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House of Lords

Thursday, 7 July 2005.

The House met at eleven of the clock (Prayers having been read earlier at the Judicial Sitting by Lord Bingham of Cornhill): The DEPUTY CHAIRMAN OF COMMITTEES (Lord Tordoff) on the Woolsack.

Lord Stevenson of Coddenham—took the Oath.


Lord Grocott: My Lords, it may be helpful to the House to know that later this morning my noble friend Lord Rooker will, with the leave of the House, repeat a Statement that is being made in the House of Commons about unfolding events, of which we are all too well aware. The Statement will be repeated at a convenient time as soon after 1 pm as possible.

Plastic Bags

11.1 am

Lord Dubs asked Her Majesty's Government:

The Parliamentary Under-Secretary of State, Department for Environment, Food and Rural Affairs (Lord Bach): My Lords, the total number of single use carrier bags used in the UK is between 8 billion and 10 billion per year. These go on to form approximately 80,000 tonnes of waste plastic, which equates to 0.3 per cent of all domestic waste. Surveys have shown that plastic bags of all sorts, some of which will be single use carrier bags, comprise a small proportion of marine litter, but plastic litter in the marine environment can kill and injure substantial numbers of cetaceans, birds and turtles.

Lord Dubs: My Lords, I am grateful to my noble friend for the information he has given in answer to my Question. Nevertheless, he will be aware that plastic bags can last for hundreds of millions of years. Even if they are a small percentage of the total waste in this country, they are still significant in the damage they cause. It would be the easiest thing in the world for the Government to put a tax on plastic bags, as has been done in other countries, thereby significantly cutting their use. Why can the Government not put a tax on them? It is a simple thing, and they might even make some money out of it.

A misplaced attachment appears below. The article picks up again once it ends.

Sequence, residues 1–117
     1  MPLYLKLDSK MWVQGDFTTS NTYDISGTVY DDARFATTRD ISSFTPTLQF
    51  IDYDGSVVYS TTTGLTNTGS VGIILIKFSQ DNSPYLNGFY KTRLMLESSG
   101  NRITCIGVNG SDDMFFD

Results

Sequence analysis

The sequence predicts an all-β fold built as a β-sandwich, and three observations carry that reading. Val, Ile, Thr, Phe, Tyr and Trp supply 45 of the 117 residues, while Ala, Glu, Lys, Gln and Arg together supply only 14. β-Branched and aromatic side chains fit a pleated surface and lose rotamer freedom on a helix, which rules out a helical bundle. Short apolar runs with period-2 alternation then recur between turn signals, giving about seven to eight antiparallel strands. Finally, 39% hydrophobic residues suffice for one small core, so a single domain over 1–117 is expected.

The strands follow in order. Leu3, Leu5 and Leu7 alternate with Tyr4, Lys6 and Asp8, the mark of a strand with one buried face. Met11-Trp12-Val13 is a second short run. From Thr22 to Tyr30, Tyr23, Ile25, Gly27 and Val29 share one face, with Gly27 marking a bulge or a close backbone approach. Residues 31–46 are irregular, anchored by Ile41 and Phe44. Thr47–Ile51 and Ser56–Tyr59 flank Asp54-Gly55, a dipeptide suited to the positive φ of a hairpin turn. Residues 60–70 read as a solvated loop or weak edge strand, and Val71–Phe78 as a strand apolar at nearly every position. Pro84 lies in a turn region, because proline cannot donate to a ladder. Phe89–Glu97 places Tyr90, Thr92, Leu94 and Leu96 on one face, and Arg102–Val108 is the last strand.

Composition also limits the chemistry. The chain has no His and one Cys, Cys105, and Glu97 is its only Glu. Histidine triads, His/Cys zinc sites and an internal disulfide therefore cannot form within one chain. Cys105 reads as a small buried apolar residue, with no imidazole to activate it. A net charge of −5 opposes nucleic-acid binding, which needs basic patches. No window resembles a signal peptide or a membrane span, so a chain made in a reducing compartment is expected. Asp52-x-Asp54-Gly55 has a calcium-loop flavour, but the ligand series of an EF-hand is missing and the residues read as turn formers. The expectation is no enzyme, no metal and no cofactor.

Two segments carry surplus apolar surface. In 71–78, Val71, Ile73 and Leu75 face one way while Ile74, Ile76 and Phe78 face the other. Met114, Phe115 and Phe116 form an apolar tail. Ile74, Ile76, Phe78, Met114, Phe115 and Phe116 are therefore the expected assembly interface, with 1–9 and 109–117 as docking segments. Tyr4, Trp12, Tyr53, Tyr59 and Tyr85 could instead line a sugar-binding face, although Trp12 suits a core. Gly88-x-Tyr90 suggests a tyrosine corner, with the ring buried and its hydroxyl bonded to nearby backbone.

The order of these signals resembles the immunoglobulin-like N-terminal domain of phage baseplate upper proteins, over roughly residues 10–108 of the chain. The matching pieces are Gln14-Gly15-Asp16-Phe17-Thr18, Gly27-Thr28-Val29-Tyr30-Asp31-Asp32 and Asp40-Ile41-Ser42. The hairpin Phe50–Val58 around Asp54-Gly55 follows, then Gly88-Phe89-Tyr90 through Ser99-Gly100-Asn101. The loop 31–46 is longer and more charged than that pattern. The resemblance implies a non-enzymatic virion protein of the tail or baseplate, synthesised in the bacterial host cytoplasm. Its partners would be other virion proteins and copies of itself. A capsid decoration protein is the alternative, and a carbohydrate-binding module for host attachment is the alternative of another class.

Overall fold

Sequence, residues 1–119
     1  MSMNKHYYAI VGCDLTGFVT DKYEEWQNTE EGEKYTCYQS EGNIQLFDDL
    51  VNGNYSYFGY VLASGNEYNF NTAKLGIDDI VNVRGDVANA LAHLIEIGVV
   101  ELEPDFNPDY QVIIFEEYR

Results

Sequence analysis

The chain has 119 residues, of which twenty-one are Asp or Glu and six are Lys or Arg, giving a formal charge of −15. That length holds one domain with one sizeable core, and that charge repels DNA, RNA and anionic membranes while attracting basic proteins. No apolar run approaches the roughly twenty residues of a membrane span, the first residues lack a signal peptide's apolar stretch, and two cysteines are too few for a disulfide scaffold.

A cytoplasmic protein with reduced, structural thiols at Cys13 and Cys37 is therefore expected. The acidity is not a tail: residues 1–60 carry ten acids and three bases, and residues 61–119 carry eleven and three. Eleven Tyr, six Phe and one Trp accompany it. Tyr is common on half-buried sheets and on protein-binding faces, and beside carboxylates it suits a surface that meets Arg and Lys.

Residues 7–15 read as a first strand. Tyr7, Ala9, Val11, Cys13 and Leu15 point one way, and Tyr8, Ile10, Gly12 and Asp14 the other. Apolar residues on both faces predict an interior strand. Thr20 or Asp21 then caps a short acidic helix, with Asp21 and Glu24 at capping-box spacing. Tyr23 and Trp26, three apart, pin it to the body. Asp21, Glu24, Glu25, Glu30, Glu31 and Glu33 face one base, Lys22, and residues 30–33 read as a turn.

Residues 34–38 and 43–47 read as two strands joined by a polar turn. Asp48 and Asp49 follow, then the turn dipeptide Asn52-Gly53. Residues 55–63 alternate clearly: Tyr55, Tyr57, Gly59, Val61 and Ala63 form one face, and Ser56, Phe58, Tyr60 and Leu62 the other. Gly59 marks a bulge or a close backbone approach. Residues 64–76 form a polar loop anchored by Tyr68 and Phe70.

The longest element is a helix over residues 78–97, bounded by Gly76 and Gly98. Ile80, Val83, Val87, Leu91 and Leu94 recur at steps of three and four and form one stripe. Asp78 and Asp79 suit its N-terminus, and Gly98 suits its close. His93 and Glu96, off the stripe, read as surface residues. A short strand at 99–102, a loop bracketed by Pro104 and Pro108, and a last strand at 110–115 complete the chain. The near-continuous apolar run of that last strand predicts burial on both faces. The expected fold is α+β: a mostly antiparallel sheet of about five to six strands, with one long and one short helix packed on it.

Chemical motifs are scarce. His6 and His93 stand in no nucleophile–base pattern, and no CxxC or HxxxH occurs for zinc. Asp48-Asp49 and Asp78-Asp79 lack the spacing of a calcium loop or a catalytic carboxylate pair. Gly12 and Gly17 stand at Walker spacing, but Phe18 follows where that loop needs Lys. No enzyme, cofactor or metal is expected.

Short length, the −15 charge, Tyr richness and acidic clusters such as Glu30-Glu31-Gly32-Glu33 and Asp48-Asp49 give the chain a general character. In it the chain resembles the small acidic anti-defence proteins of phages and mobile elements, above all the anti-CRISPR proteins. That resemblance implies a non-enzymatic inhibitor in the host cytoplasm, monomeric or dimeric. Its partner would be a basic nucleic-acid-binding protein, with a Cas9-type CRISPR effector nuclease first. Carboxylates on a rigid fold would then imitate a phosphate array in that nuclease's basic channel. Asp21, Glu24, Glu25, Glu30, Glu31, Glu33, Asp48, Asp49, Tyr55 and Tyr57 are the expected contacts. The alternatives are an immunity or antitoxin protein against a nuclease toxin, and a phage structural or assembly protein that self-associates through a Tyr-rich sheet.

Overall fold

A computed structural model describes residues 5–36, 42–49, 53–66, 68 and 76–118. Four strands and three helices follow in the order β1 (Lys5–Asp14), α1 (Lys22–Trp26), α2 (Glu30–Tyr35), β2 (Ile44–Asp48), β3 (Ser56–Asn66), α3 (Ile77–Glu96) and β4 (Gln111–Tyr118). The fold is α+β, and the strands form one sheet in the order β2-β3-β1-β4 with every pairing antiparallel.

Lord Bach: My Lords, I entirely agree with my noble friend about how serious a problem this is for the environment and waste. It is right that a plastic carrier bag tax would severely reduce the number of one-way plastic bags in circulation. However, our present view is that the case for a plastic carrier bag tax is not proven on
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broad environmental or litter grounds. Indeed, the jury is out on this as far as we are concerned. A recent extended impact assessment on the introduction of such a tax or levy in Scotland shows that there would be a broad environmental disbenefit should the levy be introduced in its current form, mainly due to factors such as increased transport emissions through the substitution of heavier bags—paper and thicker plastic bin bags—for the light one-way bags currently in use. I know that this answer will disappoint my noble friend, but there are no immediate plans to introduce a tax. However, we are monitoring closely the impact of the PlasTax scheme in Ireland.

Lord Dixon-Smith: My Lords, it is not the manufacture and proper use of plastic bags that is offensive, it is our appallingly casual attitude as a society to their being dropped all over the place as litter. Have the Government received any evidence from countries that have put a tax on these bags that it has had any impact on the incidence of plastic bags appearing in improper places as litter?

Lord Bach: My Lords, the Government have asked the Waste Resources Action Programme, known as WRAP, to investigate the feasibility of a national bag-for-life scheme to attempt to change consumer behaviour and reduce plastic bag usage. My noble friend's point about changing behaviour is at the heart of this issue.

The experience in Ireland, where there has been a 15 per cent levy on disposable plastic carrier bags since March 2002, is favourable. The levy has raised €33 million in all, €13.5 million of which was collected last year. Its primary purpose is apparently litter control rather than plastic waste reduction, but it seems to have a large effect on the use of disposable plastic carrier bags, which has reduced, I am informed, by 93 per cent since the levy's introduction. There is much to think about there.